Talend Unveils Open Source Data Cleansing Tool

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    Automating the Intelligence of Business Intelligence

    Like never before, companies are using data to make business decisions. The challenge for IT organizations is to make sure that that data — increasing every day — is of the best quality. That means that IT is spending an inordinate amount of time cleansing data.

    To make it economically feasible for organizations to enable business users to cleanse that data themselves and quickly turn it into informed business actions, Talend unveiled an open source desktop Talend Data Preparation data cleansing application.

    Ashley Stirrup, chief marketing officer for Talend, says the basic idea is to make it inexpensive for IT organizations to distribute a data cleansing tool to everyone in the organization. Although the product uses the same technology as that for an enterprise-class cloud service, the desktop version will typically be used against data stored in, for example, Microsoft Excel spreadsheets.


    Rather than present end users with an overly complex data cleansing tool, Stirrup says, Talend focused on making Talend Data Preparation as intuitive as possible. The basic idea is to make it attractive for end users to cleanse as much of their own data as possible versus relying on overworked IT departments to do it for them. Stirrup says Talend Data Preparation is also designed to work seamlessly with Talend cloud services to import data.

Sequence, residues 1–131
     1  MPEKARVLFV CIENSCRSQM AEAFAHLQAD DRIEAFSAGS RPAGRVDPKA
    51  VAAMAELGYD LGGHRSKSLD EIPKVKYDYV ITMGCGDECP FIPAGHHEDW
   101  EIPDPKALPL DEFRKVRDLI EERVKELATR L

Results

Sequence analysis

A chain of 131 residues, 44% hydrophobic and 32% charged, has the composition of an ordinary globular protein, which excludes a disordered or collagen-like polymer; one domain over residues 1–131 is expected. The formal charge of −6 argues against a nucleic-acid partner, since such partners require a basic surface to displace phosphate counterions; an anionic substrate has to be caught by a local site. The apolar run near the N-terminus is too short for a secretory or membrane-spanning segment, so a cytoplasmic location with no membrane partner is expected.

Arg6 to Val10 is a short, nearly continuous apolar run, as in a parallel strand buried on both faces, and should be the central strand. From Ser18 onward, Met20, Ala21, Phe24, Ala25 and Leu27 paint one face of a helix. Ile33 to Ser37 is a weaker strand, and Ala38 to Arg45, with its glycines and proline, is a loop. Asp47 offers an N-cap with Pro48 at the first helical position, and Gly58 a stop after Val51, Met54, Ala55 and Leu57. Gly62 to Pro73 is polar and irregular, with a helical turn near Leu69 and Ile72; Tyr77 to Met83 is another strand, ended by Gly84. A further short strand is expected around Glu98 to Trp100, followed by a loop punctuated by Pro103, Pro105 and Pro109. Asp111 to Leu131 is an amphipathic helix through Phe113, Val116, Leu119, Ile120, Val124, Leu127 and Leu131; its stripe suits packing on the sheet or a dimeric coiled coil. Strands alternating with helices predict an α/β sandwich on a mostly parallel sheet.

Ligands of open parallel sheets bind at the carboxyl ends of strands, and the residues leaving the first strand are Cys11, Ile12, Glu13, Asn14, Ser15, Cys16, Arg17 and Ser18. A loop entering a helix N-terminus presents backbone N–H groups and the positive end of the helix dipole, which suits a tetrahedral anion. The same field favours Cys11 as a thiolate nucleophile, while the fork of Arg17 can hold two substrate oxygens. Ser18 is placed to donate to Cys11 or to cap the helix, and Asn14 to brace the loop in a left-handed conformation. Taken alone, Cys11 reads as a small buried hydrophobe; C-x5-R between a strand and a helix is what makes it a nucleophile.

Whatever the motivation, the fact remains that more end users are taking on the roles of “citizen developer and integrator.” The challenge is finding a way to enable that behavior using data that has been vetted by someone in the organization that actually knows whether it’s right or wrong in the first place.

    Mike Vizard
    Michael Vizard is a seasoned IT journalist, with nearly 30 years of experience writing and editing about enterprise IT issues. He is a contributor to publications including Programmableweb, IT Business Edge, CIOinsight and UBM Tech. He formerly was editorial director for Ziff-Davis Enterprise, where he launched the company’s custom content division, and has also served as editor in chief for CRN and InfoWorld. He also has held editorial positions at PC Week, Computerworld and Digital Review.

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